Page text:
6 Habits Thought Leaders Should Get Used To

As an entrepreneur myself, I’m always on the lookout for words of wisdom from fellow innovators.  Looking to the rule breakers (who often evolve into rule makers) for ways to successfully challenge the status quo has given me the following six suggestions for my fellow entrepreneurs.

1. Strive for minimalism.  

Craig Newmark, founder of Craigslist, has found that he works best with a streamlined workspace that’s free of distractions.  His office isn’t cluttered with stacks of papers or an array of screens.  Newmark’s setup includes his desktop, a window, and Homer Simpson and Grandpa Simpson figurines.  That’s it.  A little nature, a little inspiration from his animated heroes, and the tools he needs to accomplish his goals.  Minimalist workspaces let thought leaders spend the important time where they do their best work: in their own minds.

2. Get regular exercise.  

New evidence confirms what we’ve always suspected – that people who get regular exercise perform better on cognitive tests and are more creative than people who are sedentary.  Guy Kawasaki, business guru, bestselling author, and public speaker extraordinaire has certainly found that exercise provides a welcome break in the middle of his work day and helps him maintain his focus when he’s working.  Kawasaki plays two hours of hockey midday and rides a stationary bike or does yoga in the evenings.  It’s hard to argue with the results of exercise on this admitted workaholic’s productivity.

3. Say “no” a lot.

I am a huge admirer of Seth Godin, and he taught me an important lesson when I approached him about endorsing my first book, The Toilet Paper Entrepreneur.  He declined – politely and firmly – because it didn’t square with his vision, his brand that he worked tirelessly to promote.  I learned that you absolutely must say no to the projects that don’t support your vision, or you run the risk of diluting your brand and your leadership.  Tenacity pays off, by the way.  Godin did support my second book, The Pumpkin Plan because it made sense for his brand to associate it with the principles I laid out in that book.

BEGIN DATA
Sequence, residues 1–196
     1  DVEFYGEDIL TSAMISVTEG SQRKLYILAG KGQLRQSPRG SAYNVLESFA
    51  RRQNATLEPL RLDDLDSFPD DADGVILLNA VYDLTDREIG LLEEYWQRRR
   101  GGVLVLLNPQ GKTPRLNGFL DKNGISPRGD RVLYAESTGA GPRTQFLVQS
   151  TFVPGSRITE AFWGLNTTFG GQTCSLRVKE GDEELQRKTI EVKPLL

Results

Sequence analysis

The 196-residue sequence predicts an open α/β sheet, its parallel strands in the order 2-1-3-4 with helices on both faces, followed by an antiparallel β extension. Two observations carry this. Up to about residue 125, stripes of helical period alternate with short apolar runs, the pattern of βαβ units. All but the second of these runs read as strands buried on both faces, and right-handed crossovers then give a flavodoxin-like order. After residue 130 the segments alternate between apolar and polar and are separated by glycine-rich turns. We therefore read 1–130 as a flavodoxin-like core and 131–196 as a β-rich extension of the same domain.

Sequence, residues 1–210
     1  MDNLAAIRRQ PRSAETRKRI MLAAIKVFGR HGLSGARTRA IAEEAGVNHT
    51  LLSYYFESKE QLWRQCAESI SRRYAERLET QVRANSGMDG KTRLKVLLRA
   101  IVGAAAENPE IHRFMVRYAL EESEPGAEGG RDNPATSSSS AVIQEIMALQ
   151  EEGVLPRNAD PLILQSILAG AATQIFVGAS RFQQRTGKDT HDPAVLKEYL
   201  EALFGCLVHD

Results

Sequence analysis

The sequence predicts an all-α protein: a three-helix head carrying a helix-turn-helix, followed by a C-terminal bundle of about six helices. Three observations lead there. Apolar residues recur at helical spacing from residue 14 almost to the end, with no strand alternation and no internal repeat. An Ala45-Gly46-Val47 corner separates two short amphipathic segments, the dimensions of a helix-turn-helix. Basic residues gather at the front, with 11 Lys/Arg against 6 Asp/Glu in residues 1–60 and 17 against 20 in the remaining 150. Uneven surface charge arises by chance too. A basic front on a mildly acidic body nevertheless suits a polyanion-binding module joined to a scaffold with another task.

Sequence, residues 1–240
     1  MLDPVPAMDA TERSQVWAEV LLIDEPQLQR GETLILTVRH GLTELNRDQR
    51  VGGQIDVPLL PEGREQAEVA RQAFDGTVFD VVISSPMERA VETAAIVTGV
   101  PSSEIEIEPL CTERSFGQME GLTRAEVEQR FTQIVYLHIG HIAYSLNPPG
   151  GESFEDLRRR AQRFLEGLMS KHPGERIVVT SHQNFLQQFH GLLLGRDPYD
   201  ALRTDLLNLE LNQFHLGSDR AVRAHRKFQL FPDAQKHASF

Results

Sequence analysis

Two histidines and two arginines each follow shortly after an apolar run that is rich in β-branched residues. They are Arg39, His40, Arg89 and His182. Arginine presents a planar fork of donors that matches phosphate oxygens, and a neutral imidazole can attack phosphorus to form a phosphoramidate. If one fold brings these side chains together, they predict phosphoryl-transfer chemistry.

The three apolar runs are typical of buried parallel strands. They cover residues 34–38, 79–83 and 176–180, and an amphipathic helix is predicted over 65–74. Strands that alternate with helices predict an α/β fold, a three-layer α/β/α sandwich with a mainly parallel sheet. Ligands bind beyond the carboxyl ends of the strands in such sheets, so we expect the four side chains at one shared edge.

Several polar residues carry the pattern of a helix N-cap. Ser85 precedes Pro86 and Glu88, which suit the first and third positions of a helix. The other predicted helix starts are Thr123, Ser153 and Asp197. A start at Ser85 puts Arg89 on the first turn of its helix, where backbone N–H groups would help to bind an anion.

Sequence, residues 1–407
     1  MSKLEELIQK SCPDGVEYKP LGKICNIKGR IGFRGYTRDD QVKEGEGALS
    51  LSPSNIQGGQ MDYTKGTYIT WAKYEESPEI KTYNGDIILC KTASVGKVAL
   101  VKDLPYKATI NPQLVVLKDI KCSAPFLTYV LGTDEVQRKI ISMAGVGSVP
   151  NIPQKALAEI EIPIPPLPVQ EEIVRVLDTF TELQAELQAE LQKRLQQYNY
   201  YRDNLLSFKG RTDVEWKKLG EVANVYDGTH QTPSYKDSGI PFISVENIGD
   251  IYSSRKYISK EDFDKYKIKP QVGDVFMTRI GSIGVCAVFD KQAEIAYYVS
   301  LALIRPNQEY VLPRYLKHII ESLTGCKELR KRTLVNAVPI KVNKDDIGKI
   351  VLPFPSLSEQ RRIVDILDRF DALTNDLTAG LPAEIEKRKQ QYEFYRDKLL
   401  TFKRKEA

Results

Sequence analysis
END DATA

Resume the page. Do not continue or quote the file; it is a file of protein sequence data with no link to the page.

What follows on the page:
4. Embrace your inner introvert.  

Malcolm Gladwell is a simply brilliant public speaker, and it’s partly because he’s an introvert, and it’s also because he embraces his nature, rather than trying to be someone he’s not.  Public speaking for him is a performance – a role he inhabits in order to share the important thoughts that sold out every seat in the auditorium.  Thought leaders are typically introverts by nature – spending their most productive time turning inward to their own thoughts.  Check out Susan Cain’s book, Quiet: The Power of Introverts in a World That Can’t Stop Talking.

5. Get back to the room.  

I do a lot of public speaking, and I recently spoke at an event with Michael Gerber, Jack Canfield, and Guy Kawasaki.  Now these gentlemen were thoughtful, generous in sharing their thoughts and ideas publicly, but I noticed that they were absent from the social, networking portions of the event.  I had dinner with Michael, and I asked him about his routine – his work habits – and he typically speaks at events, sharing his stories and inspiring attendees, and then he goes back to his room and gets to work.  He doesn’t recharge by networking, but by turning inward.  That habit lets thought leaders work with the public and still have time to generate the ideas that make them worth listening to.

6. Take sleep seriously.  

Your body needs sleep in order to function at its highest level, and productive people create their own routines to get the amount – and quality of sleep – that works for them.  Joel Gascoigne, CEO of Buffer, realized that he was having trouble filtering out work concerns when it was time for bed, and it was negatively affecting both the amount and quality of sleep he was getting.  Establishing a routine that lets him reflect on the day’s work before consciously putting work away, clearing his mind for restful sleep, has been a productivity booster.

 

We all work differently, but we can learn a lot from the habits of uber-successful folks – the ones who reshape the world to fit their unique vision.  Modeling some of the traits of thought leaders can boost your productivity by helping you focus, encouraging you to turn your thoughts inward, and learning to shape your schedule to support your entrepreneurial vision.

 

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